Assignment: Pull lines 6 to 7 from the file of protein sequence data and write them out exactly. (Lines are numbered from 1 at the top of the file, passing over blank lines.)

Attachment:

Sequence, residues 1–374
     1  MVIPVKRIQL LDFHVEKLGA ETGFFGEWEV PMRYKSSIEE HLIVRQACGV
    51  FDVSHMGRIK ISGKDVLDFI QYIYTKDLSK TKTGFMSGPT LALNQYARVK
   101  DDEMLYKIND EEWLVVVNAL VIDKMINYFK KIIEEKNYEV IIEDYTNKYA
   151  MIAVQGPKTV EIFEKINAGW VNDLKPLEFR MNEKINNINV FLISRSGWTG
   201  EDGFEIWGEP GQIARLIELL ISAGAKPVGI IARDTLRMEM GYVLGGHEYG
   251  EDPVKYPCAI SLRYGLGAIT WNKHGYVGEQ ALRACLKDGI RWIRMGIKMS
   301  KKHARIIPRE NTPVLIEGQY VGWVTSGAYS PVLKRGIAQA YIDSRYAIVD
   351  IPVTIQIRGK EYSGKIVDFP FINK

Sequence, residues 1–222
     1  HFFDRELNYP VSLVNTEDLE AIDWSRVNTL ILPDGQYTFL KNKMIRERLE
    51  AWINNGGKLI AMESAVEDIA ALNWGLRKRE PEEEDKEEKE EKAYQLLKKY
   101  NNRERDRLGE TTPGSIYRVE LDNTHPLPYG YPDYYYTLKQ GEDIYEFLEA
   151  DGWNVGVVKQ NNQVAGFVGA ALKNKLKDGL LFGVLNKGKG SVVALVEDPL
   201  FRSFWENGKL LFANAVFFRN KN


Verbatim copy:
   201  EDGFEIWGEP GQIARLIELL ISAGAKPVGI IARDTLRMEM GYVLGGHEYG
   251  EDPVKYPCAI SLRYGLGAIT WNKHGYVGEQ ALRACLKDGI RWIRMGIKMS